An analysis of the memoir excerpt “By Any Other Name” by Santha Rama Rau shows that the text has a chronological structure. The narrative focuses on an important event in the main characters’ lives, their first days at an Anglo-Indian school.
The main characters are Santha and her older sister, Premila. The sisters attend an Anglo-Indian school, where they are given English names. The two have different ways of dealing with the experience.
The setting is an Indian provincial town, where Santha and Premila’s father works. The focus of the story is the Anglo-Indian school that the two sisters attend. The school teaches lessons in English and does not celebrate the girls’ Indian culture.
The events are told by a first-person narrator who is also one of the main characters. The adult narrator offers more insight into the Anglo-Indian school system, while young Santha’s perspective highlights her child-like innocence.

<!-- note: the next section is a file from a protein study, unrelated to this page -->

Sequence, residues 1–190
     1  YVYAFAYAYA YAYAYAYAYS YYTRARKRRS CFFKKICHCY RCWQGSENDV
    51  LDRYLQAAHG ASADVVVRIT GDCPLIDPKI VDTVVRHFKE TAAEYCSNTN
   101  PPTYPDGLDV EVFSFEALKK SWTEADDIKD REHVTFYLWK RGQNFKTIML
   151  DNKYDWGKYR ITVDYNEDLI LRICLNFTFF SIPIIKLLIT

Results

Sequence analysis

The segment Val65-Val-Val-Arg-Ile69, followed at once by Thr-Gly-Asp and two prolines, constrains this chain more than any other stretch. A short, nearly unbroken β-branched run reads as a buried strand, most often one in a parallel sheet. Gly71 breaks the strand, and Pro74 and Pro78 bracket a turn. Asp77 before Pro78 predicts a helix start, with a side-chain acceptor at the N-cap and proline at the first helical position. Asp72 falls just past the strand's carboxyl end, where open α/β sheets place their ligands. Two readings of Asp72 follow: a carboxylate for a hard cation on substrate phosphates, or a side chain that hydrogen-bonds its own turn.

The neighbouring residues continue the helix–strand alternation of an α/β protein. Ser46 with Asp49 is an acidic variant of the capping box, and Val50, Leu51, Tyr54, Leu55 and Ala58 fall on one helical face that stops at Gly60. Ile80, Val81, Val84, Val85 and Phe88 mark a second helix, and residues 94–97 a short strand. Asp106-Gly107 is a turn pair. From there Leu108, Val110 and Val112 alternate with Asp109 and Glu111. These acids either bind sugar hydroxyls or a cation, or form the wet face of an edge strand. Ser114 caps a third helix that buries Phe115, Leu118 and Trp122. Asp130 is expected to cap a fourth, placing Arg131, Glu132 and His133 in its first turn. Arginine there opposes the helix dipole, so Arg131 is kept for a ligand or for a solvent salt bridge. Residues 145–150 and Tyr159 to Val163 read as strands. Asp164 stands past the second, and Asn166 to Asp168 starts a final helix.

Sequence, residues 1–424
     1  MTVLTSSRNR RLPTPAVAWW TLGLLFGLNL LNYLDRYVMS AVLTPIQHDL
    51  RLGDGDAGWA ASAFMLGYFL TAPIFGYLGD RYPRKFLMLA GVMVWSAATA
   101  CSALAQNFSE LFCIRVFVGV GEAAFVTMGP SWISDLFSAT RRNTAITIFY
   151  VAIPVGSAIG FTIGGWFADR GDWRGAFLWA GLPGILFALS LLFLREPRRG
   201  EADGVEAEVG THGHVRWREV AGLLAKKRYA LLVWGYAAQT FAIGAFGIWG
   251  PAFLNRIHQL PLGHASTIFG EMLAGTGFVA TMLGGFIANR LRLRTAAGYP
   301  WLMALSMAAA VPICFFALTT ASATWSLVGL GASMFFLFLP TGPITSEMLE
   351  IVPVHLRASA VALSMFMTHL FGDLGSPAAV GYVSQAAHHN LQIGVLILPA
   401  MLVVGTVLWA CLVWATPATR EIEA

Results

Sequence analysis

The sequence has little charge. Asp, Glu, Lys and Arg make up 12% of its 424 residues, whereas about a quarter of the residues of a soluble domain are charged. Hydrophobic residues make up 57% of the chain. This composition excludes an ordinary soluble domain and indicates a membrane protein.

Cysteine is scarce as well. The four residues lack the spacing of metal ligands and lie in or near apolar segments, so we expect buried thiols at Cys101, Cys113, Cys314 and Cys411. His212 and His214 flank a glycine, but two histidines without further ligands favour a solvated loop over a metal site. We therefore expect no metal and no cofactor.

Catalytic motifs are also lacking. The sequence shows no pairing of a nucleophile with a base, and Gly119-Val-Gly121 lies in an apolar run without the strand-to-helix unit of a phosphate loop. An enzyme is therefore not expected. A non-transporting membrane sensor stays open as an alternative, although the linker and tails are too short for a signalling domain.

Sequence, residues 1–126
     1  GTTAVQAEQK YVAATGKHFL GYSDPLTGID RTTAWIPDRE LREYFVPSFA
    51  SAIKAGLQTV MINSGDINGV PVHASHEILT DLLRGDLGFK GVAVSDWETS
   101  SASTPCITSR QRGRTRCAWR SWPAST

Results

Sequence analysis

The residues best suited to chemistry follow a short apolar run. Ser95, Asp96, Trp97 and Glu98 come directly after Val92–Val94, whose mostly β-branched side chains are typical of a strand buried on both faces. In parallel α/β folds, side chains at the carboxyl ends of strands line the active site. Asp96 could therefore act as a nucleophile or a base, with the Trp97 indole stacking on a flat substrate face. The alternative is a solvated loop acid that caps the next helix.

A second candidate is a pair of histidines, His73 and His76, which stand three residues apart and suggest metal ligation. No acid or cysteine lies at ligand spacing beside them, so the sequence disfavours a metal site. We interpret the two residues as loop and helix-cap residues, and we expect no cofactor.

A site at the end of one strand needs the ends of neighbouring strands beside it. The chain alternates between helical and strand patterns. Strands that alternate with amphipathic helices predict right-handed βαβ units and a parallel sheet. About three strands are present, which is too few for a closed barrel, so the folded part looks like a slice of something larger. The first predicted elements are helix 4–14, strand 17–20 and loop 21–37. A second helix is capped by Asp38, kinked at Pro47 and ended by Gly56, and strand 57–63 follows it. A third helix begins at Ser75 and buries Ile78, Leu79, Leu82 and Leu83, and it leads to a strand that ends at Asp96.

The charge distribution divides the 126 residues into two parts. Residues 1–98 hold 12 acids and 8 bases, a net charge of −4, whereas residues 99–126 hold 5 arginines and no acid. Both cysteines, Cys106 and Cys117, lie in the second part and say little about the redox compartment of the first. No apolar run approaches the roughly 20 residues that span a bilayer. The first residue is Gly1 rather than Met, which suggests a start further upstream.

The language highlights the condescending attitude of the school’s British staff towards Indian children like Santha and Premila. In Premila’s case, her style of speaking hints at her attempt to fit in at the new school, an effort she dismisses as soon as she is confronted with her teacher’s prejudiced attitude against Indians.
A full analysis of the short story can be found on the following pages.
Excerpt from the study guide: